#3.  Kurt Russell comes in at the third spot based on two strong lead performances in Tombstone and Bone Tomahawk.  It’s a shame Russell hasn’t made more westerns because the genre suits him.

#2.  Clint Eastwood was my choice for the number two spot and I really considered putting him in at #1.  Eastwood’s westerns always score well with fan and critics.  The Good, the Bad and the Ugly, Josey Wales and Unforgiven are considered classics.  I wouldn’t argue too hard against Eastwood in the number one spot, but this time out I gave it to…

#1.  John Wayne.  My first place spot goes to the man that most folks think of first when they think of cowboy movie stars.  Wayne’s career spanned 50 years and he made so many popular westerns: Stagecoach, Angel and the Badman, Fort Apache, Red River, Hondo, The Searchers, Rio Bravo, True Grit, The Cowboys and The Shootist are some of my favorites.  

James Gunn Shares “Suicide Squad” Trivia That May Surprise You!

Rob Hunter, at Film School Rejects, posted a fun piece called 43 Things We Learned from ‘The Suicide Squad’ Commentary with James Gunn.

9. (Joel) Kinnaman was challenged as he’s not typically associated with comedies, but he quickly showed a talent and an affinity for earning laughs. (For All Mankind is where I first really noticed what a fine actor Kinnaman is.  I highly recommend the series as well. – Craig)

14. Gunn says John Cena is “probably the most gifted improvisational actor I’ve ever worked with in my life.” (I found this a bit surprising, but was happy to hear it. Cena seems like a nice guy off screen. – Craig)

26. Elba doesn’t actually smoke, and he has asthma, so the scene where Bloodsport smokes in the back of the van left his eyes watering. “I had to take a tear out of his eye with visual effects because I liked the shot.” (Elba doing what it takes for his art!  – Craig)

The All-Time Most Influential Horror Movies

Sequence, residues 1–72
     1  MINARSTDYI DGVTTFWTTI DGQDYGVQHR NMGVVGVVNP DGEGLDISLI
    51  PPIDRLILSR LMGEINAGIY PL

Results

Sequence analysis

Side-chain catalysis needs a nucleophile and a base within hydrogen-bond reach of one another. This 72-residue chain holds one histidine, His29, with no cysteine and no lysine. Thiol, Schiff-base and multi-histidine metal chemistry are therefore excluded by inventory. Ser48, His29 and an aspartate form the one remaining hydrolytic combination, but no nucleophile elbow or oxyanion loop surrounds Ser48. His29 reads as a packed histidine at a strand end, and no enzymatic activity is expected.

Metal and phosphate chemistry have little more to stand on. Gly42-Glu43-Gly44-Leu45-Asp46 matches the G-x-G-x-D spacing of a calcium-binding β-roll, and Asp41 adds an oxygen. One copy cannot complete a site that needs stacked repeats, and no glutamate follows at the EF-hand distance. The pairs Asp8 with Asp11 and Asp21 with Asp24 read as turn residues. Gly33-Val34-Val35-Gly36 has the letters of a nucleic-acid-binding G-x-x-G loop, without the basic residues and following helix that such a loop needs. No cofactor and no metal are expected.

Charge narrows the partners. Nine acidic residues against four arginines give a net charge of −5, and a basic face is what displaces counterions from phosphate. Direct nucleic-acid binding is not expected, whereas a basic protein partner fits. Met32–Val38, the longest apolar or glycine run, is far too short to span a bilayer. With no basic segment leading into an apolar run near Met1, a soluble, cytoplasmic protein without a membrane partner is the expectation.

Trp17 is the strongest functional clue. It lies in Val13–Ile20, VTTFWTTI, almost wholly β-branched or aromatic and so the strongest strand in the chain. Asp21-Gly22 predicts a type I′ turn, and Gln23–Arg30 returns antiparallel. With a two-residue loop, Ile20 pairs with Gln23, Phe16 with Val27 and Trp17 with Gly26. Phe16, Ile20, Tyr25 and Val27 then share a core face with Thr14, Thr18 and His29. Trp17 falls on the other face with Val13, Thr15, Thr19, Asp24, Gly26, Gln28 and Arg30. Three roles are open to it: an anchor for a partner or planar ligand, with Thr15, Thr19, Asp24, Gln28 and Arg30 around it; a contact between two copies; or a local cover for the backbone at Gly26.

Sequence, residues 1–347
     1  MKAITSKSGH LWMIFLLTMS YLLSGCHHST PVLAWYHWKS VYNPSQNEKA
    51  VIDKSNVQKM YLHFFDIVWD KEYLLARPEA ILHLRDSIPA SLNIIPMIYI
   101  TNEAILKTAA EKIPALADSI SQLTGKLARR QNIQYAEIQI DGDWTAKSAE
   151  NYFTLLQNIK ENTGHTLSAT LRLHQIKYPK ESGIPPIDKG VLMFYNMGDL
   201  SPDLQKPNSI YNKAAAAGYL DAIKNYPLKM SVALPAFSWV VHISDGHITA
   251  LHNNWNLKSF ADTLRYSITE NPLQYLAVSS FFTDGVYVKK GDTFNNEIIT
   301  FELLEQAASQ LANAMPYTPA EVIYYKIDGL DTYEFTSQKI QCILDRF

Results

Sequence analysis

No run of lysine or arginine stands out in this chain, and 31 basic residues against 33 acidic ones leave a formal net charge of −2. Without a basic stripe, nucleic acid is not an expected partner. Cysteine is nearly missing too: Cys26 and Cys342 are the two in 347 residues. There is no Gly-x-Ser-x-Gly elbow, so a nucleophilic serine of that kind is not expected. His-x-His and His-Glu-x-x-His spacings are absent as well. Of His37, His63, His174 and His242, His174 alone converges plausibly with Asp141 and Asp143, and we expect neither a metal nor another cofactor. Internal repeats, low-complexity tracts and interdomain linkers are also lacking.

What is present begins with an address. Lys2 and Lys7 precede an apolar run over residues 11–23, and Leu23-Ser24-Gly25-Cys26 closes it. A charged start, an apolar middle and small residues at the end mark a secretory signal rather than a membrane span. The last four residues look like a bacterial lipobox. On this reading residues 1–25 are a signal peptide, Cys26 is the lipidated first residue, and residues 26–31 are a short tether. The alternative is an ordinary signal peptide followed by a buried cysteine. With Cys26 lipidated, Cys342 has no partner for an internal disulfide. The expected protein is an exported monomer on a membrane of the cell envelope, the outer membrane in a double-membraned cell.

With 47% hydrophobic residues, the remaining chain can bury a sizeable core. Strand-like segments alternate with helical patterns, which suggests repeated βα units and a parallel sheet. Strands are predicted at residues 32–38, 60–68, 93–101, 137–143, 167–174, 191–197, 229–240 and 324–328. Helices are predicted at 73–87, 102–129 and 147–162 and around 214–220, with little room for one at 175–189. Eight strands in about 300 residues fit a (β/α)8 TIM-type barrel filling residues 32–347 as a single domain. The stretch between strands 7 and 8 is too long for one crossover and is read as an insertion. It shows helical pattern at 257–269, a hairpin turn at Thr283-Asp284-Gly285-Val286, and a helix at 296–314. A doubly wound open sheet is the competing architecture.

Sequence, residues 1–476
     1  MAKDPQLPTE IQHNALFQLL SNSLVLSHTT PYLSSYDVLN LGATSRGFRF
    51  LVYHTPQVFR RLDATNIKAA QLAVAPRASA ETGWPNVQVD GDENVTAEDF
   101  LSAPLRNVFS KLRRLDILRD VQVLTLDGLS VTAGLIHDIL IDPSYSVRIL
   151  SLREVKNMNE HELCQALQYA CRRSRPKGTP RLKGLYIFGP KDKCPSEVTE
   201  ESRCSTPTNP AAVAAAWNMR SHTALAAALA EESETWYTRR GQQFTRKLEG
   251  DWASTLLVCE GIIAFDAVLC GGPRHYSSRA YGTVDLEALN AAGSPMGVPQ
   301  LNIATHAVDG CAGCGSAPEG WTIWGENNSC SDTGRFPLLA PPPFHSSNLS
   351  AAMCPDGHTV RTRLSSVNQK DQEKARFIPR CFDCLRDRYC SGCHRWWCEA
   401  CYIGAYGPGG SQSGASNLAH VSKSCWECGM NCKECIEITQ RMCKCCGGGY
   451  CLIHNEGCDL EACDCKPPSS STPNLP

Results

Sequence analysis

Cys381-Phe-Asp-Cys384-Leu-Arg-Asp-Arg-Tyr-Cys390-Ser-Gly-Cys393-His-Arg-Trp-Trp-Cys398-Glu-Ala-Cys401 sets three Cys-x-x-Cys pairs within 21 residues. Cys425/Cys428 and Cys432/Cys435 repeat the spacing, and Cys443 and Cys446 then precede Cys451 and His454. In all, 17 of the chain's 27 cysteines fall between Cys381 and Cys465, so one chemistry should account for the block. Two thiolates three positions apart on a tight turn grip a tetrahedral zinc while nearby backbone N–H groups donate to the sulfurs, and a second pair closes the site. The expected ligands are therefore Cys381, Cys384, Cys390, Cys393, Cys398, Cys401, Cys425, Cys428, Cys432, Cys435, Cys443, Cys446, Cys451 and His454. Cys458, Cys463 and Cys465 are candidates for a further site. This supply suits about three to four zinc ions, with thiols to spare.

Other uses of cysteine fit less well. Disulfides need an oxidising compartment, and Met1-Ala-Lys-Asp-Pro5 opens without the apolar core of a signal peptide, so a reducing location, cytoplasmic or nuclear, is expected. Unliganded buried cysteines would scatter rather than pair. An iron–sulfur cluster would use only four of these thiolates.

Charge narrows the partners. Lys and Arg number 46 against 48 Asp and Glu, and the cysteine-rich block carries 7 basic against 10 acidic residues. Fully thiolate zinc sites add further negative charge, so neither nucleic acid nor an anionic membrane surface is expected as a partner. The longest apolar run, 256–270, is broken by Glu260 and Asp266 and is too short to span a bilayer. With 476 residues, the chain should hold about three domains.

Kevin Delsignore at CBR.com came up with his list of The All-Time Most Influential Horror Movies.  It’s an interesting list.  I decided to play along and using Delsignore’s films, came up with my top two.  Interestingly enough, my #1 pick didn’t make his list.

#3.  Jaws:  While some may argue that Jaws isn’t really a horror film, it made Delsignore’s list, so for our purposes here it is.  Jaws not only spawned 3 sequels but also inspired countless other shark, octopus, orca, alligator, piranha… well, you get the idea, movies.

#2.  Halloween:  John Carpenter’s Halloween spawned 11 sequels with a 12th on the way.  It also opened the door for low-budget unstoppable serial killer movies where the victims were usually teenage kids (Friday the 13th, Nightmare on Elm Street, Scream, etc.)..

#1  Night of the Living Dead:  My choice for the top spot is Night of the Living Dead and surprisingly it didn’t even make Delsignore’s list!  Not only did George Romero re-invent the “rules” for zombies, but he kickstarted a genre that has expanded from movies to tv to comics to video games and more.  What’s just as crazy is that the zombie craze is still going strong over 50 years later!

James Bond: Fascinating Facts You May Not Know About 007!

Mathew Jackson at Mental Floss came up with 45 Fascinating Facts About James Bond.  Here are three that I didn’t know and my thoughts for each…